Let us truly believe and accept God’s gift with all thankfulness. Open your eyes to the riches and treasures of everlasting life offered through the sacrifice of the Savior. Let us who believe open mouths to speak freely about the freedom that we have gained through Christ just as we have opened our hearts to gain such freedom to live in Christ.
Let the redeemed of the Lord say so, Whom He has redeemed from the hand of the enemy,
And gathered out of the lands, From the east and from the west, From the north and from the south. -Psalm 107:2-3 (NKJV)
15 When Joseph’s brothers saw that their father was dead, they said, “What if Joseph holds a grudge against us and pays us back for all the wrongs we did to him?” 16 So they sent word to Joseph, saying, “Your father left these instructions before he died: 17 ‘This is what you are to say to Joseph: I ask you to forgive your brothers the sins and the wrongs they committed in treating you so badly.’ Now please forgive the sins of the servants of the God of your father.” When their message came to him, Joseph wept. 18 His brothers then came and threw themselves down before him. “We are your slaves,” they said. 19 But Joseph said to them, “Don’t be afraid. Am I in the place of God? 20 You intended to harm me, but God intended it for good to accomplish what is now being done, the saving of many lives. 21 So then, don’t be afraid. I will provide for you and your children.” And he reassured them and spoke kindly to them.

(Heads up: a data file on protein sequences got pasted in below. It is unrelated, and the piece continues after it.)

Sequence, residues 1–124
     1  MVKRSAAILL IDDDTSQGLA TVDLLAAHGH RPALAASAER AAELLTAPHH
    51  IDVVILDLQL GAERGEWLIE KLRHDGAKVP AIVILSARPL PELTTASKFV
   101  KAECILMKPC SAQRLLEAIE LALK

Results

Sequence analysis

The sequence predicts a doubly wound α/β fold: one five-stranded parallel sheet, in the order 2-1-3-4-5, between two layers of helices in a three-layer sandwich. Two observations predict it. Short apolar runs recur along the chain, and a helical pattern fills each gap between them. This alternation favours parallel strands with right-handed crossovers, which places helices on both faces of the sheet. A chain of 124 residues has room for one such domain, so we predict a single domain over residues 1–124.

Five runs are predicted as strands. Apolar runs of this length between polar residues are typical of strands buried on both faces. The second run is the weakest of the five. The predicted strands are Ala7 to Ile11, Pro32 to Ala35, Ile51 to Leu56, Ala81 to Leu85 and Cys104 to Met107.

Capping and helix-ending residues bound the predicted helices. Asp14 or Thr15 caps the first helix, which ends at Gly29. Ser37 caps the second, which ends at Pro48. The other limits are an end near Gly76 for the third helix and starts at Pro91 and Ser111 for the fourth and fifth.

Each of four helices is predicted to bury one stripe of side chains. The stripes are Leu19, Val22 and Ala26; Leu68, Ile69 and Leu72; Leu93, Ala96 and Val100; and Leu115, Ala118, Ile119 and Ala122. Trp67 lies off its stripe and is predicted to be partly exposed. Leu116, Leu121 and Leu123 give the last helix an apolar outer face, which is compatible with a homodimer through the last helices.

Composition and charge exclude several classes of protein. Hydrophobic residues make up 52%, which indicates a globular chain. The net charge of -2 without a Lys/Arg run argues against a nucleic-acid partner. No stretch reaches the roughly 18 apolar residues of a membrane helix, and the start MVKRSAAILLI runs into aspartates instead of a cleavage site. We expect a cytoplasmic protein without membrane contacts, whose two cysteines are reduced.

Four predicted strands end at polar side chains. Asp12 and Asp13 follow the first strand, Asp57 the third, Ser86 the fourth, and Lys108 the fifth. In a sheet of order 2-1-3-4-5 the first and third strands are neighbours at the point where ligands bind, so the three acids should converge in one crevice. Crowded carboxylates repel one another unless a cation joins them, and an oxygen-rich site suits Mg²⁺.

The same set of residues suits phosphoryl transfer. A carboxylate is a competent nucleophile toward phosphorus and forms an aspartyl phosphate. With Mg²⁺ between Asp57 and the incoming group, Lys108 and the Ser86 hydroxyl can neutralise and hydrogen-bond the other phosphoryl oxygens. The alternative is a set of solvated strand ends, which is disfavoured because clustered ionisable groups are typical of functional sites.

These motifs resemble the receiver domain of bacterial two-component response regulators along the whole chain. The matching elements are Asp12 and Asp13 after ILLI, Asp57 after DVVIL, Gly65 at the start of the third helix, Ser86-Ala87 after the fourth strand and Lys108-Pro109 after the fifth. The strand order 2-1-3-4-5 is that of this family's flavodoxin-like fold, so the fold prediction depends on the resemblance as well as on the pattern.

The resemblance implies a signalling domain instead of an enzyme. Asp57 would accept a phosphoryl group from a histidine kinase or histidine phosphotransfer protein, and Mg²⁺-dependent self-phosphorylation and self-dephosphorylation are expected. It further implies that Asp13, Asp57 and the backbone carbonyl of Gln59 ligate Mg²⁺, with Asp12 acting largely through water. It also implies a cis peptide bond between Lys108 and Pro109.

– Genesis 50:15-21 (NIV)
Joseph’s brothers feared him. In fact, they believed that Joseph would take revenge on them and seek payback for all that they had done to him. They even discussed it and sent word to Joseph via messenger.
When their message came to him, Joseph wept. (v. 17, NIV).
Joseph wept based upon their message. He reassured them and spoke kindly to them, according to verse 21. Joseph had said to them that he was in the place of God. He stated that he did not seek to harm them, even though they had harmed him. He shared that God used their evil intentions to accomplish His perfect will.
Joseph showed mercy. In fact, Joseph showed his brothers mercy on more than one occasion. He said that he was in the place of God, in a position to either harm them or help them. He chose to help them instead of seeking revenge upon them and exercising his authority as an Egyptian governmental official.
Take a moment today and see about ways to show mercy towards others. Do you have an opportunity to show mercy at work or home? Pray to the Lord for discernment in dealing with those who wrong you. Do all that you can to do like the Lord.
That’s not what God wants us to feel. He does not desire for us to be His forsaken children. He redeemed us for the price of His only begotten Son. Let us not live like those who are without hope as Paul shared with fellow believers through his epistles. We are children of God as promised through His Son.
— Max Lucado
And if it is more? Or, even worse?
And again and. . .
How long will you keep that up?
* Amen is translated as “so be it” or “it is so.” It offers a response of agreement or declared affirmation.